A group of college students from Stoke have completed a pilot STEM (Science, Technology, Engineering and Mathematics) project in Central Shires.
"I would be happy to do this programme every day for the rest of my life.”Student
27 April 2016 saw Stoke College and the Trust coming together to celebrate the achievements of 13 young people who have successfully completed a short programme, gaining certification and the John Muir Award.
The young people were presented their certificates by Kevin Smith (Stoke College Principle) and Charlotte Atkins (Chair of the Central Shires Partnership Board) and given the opportunity to tell their story.
One of the young people commented "I would be happy to do this programme every day for the rest of my life.”
Another young person said: “This is the first certificate I have ever received, I am really proud to have been involved.”
The students volunteered to attend a taster session followed by three full days of personal and professional skills development.
Led by Glyn Parkes from, the Central Shires Waterway and supported by staff and volunteers, the young people developed not only their practical skills by hands on learning, but also learned about the heritage of the canal in their local area.
A particular highlight for the young people was learning how to dry stone wall. They loved learning how to build and maintain dry stone walls. They were shown by a qualified trainer before being allowed to test out their practical skills has a group.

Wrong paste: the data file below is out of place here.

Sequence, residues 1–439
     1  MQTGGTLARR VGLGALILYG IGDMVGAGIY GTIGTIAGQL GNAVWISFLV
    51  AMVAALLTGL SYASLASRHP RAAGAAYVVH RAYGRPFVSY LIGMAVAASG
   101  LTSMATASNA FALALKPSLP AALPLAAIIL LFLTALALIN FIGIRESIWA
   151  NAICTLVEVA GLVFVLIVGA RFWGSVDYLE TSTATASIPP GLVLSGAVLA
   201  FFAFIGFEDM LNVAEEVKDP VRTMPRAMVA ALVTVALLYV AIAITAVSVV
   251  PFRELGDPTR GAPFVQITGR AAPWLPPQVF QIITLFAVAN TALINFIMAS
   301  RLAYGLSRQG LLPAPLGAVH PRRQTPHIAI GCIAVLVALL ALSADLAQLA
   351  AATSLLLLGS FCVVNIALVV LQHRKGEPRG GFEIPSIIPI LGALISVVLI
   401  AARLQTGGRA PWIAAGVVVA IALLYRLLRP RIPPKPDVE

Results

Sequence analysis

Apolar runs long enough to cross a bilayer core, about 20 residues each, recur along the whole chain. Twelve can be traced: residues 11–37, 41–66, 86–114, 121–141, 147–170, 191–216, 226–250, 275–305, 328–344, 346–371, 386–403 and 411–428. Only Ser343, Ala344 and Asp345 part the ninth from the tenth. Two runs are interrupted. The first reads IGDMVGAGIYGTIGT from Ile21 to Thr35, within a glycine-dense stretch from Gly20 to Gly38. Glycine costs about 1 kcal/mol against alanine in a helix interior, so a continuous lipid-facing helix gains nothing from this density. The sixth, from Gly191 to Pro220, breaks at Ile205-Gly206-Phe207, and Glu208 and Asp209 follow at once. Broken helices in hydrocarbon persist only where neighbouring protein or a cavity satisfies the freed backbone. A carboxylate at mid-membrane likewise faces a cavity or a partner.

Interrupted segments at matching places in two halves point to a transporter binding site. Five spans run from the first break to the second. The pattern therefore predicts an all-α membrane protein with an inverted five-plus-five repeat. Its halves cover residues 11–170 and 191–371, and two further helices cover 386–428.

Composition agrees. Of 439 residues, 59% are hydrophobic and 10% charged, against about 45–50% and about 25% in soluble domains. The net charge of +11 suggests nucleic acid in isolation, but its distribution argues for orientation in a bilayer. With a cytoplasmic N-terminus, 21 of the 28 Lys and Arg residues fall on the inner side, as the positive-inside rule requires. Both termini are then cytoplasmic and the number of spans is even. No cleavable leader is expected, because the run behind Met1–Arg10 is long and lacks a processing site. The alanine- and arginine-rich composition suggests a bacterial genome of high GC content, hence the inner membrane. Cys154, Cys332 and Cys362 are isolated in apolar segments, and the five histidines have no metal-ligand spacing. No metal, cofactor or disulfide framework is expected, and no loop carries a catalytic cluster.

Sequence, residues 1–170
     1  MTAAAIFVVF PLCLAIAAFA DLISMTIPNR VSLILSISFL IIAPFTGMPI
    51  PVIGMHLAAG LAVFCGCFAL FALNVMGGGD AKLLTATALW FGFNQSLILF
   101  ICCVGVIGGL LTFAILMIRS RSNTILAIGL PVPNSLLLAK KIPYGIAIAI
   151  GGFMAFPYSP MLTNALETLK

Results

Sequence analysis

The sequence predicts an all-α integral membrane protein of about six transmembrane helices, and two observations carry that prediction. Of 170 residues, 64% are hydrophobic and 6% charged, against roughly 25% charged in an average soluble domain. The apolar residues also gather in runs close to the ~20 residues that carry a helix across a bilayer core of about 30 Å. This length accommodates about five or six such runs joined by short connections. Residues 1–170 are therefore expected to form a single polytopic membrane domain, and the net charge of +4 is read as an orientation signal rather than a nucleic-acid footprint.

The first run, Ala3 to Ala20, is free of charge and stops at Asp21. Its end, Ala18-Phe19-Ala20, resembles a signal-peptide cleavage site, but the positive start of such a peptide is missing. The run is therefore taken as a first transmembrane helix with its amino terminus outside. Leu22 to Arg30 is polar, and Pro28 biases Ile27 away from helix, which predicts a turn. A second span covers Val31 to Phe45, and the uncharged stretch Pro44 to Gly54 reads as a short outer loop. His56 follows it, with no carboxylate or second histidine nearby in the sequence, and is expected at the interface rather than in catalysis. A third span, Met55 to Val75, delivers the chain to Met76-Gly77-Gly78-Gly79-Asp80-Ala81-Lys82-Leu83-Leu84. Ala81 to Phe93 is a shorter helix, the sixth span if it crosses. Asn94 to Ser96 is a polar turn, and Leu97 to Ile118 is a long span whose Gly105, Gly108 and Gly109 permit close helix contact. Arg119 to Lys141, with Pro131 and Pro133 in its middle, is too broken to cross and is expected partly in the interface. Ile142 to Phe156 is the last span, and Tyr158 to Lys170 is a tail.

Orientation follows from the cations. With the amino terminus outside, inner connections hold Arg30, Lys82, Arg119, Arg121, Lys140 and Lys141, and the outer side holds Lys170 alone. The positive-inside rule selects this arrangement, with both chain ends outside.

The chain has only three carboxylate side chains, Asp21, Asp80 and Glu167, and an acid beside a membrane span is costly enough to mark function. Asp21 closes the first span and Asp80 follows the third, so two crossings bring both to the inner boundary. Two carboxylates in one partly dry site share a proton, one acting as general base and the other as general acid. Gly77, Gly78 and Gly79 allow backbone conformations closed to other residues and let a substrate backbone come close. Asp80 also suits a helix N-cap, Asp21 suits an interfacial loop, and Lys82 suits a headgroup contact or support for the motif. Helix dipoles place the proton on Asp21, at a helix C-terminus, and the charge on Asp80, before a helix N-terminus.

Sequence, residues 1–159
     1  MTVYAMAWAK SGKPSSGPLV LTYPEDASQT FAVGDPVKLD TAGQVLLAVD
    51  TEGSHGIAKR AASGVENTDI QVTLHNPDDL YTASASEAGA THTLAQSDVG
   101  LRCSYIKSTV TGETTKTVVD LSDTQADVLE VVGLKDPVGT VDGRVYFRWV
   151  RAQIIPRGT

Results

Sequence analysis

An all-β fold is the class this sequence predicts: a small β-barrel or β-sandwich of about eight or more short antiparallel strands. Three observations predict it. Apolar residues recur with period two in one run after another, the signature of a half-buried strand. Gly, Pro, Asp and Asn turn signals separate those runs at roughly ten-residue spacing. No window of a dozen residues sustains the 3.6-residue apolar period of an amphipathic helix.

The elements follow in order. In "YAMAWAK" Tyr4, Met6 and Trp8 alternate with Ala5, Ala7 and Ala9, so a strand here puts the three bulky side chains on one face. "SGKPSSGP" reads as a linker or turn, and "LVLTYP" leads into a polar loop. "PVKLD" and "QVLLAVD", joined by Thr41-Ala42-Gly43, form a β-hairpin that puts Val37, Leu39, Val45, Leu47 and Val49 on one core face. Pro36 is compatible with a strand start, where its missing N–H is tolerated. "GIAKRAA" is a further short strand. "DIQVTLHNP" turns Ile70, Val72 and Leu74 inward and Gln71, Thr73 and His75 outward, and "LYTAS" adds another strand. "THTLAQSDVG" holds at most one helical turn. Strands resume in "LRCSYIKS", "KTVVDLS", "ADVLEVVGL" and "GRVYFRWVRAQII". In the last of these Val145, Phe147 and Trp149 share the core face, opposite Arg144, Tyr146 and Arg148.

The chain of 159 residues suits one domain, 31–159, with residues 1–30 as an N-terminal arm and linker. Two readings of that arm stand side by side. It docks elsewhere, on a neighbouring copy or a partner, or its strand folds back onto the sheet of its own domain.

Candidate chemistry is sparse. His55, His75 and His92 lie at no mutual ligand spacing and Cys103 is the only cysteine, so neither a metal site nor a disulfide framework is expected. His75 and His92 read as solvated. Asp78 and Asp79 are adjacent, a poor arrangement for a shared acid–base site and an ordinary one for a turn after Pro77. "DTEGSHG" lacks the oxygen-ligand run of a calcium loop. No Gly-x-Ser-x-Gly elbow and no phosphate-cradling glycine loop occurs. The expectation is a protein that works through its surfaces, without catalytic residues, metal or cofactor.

The young people had a friend join them for a short time as they found a smooth newt living in part of the wall they were working on.
The group also enjoyed their tour and presentations around Etruria boat yard and Industrial museum, where they were told of the story of Jesse Shirley’s bone and flint mill and its part in local and national history, thanks to the engineer James Brindley born 1716 (300yrs old this year). The young people also had a tour of the area, learning about how the locks work whilst helping boaters through the locks. These tours were led by Bernard Lovatt and his team of volunteers from the industrial museum.
The group also undertook tasks creating homes for wildlife such as an Otter Holt at a secret location. They built homes for Bumblebees, and enhanced a number of areas by spreading wildflower seeds.
The young people were supported and encouraged by Neil Hamilton and Craig Halliwell from Stoke College.
Glyn, the local waterway and national Youth Engagement Team would like to take this opportunity to thank all involved especially the young people and we hope to see you all again soon on the waterway either as mentors or as volunteers. Well done guys, give yourselves a pat on the back!
For more information on our current youth projects and progress, please see our youth social action pages.
Thanks to Be Together Limited, the Education Business Link Consortium for Staffordshire & Stoke for funding the project.
The youth engagement team supports colleagues across the Trust to engage more young people in their work. We provide guidance to local teams and work together to deliver a range of projects to meet the needs, interests and aspirations of young people and the strategic priorities of the waterway. We endeavour to raise the Trust’s profile and reputation within the youth sector and work with a number of national partners to offer a wide range of activities for young people.See more blogs from this author